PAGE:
A few weeks ago, I posted a Planet Money poll involving cute animals and refused to let you speculate on what the experiment was about in the comments. Apparently at least some of my readers are quite well read, since I got a number of emails and other notes informing methat the experiment results are up. (Thanks guys!) From NPR’s Planet Money:
On the surface, Planet Money’s first-ever economics experiment was all about cute animals. (You can see the experiment here.) But we were really trying to get a better sense of how the stock market works.
The point is that strange things (read, bubbles) happen when people go from picking their personal favorites to picking “winners.” As some of you tried to point out in the comments, half of respondents were asked which animal they personally thought was cutest while the other half was asked what animal they thought others would think was cutest. The result was a “bubble” in kittens:
(Okay, I have to admit that a kitten bubble sounds adorable.) Why is this discrepancy problematic?
Marla Wood, a Planet Money listener from Colorado, was assigned to the second group. She thought the loris was cutest. But she picked the cat, because she thought that’s what everybody else would pick.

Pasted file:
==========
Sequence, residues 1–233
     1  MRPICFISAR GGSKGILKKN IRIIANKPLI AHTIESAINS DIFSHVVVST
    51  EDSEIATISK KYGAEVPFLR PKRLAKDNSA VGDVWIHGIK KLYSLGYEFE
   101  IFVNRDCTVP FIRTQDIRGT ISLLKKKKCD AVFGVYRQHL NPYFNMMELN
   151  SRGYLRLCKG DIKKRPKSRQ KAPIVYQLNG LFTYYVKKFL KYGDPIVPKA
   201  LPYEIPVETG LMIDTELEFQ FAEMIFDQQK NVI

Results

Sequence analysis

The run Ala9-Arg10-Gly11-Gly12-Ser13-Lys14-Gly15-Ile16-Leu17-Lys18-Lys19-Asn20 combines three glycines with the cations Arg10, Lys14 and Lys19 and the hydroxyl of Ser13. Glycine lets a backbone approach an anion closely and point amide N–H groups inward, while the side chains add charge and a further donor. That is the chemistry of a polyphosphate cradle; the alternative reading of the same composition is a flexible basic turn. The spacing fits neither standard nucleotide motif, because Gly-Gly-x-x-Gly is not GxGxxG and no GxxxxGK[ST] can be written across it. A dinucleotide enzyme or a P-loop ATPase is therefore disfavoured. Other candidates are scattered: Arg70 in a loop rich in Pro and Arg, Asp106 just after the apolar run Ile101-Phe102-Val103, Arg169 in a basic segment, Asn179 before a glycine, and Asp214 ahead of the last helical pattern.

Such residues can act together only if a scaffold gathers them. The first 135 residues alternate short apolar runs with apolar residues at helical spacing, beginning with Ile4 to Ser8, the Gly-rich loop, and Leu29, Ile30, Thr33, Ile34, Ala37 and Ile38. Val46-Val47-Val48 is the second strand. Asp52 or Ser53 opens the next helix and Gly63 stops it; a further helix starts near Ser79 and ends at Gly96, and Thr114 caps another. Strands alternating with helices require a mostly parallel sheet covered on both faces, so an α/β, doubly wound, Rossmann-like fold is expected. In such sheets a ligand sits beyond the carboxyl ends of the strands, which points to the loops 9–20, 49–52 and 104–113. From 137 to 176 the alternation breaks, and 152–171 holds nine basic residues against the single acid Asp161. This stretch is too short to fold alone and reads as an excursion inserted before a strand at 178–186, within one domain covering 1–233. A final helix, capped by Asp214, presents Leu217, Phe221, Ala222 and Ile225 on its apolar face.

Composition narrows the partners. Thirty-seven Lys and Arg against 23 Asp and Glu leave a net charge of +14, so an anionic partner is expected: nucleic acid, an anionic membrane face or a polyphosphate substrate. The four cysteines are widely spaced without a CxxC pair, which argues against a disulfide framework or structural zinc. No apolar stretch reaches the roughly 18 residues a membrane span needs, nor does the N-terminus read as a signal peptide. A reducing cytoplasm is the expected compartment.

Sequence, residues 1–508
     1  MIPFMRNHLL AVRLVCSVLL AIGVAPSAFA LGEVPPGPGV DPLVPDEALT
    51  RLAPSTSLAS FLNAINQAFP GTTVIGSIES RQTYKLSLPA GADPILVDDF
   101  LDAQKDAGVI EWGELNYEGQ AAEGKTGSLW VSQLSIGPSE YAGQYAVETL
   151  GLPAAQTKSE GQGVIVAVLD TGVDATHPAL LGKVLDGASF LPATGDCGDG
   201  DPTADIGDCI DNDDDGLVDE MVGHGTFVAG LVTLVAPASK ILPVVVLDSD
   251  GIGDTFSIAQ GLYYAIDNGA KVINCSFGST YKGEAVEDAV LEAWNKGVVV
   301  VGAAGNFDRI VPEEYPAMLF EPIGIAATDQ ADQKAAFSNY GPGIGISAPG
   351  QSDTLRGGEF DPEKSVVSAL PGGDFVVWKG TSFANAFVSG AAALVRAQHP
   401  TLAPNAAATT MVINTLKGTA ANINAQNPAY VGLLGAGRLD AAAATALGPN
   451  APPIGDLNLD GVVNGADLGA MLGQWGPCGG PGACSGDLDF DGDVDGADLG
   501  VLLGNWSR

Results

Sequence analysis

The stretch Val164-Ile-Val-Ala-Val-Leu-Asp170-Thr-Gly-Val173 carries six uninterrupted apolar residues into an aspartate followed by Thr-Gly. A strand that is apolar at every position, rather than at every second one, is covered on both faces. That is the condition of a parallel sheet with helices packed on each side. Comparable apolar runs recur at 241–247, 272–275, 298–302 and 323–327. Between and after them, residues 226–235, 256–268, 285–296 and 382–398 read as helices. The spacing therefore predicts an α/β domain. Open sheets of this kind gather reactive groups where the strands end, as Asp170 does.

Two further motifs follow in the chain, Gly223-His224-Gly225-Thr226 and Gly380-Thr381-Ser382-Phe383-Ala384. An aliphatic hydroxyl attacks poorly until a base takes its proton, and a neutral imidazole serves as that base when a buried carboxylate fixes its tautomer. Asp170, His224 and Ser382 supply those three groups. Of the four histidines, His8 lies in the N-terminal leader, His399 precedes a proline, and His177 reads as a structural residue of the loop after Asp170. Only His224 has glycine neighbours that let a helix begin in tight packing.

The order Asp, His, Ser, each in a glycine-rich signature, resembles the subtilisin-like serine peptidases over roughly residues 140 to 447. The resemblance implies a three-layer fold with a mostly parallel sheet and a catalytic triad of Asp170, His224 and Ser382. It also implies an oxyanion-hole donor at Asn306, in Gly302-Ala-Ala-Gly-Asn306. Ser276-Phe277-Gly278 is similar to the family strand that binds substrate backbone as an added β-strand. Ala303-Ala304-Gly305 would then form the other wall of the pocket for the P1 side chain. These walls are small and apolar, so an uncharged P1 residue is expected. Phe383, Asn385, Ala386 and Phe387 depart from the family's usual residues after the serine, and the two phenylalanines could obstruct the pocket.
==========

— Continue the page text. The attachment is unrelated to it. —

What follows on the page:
If the stock market were filled with Marlas, you could have a huge kitten bubble, even if no one thought kittens were cute.
It might look something like the housing bubble. People kept buying houses — not necessarily because they thought home prices made sense, but because they thought everyone else would keep buying houses at any price.
As it happens, Marla guessed right, as did 75 percent of the people in her group. But 25 percent of people got it wrong. They thought the loris or baby polar bear would win. If this were a cute animal stock market, that could throw off prices.
Yep, sounds about right. The frustrating thing is that, when buying something as an investment, it makes financial sense to think at least a little about what other people think your investment is worth. With stocks and bonds, this is not a huge deal, but you don’t have to live in stocks and bonds and look at the beige walls and the typical architecture because you couldn’t bring yourself to buy the weird house that no one else seemed to want even though you thought it was totally awesome. Who knows- maybe I’m just still bitter that I got a lecture about resale value from my father when I wanted a purple car.
You can read the whole NPR article and listen to the associated podcast here.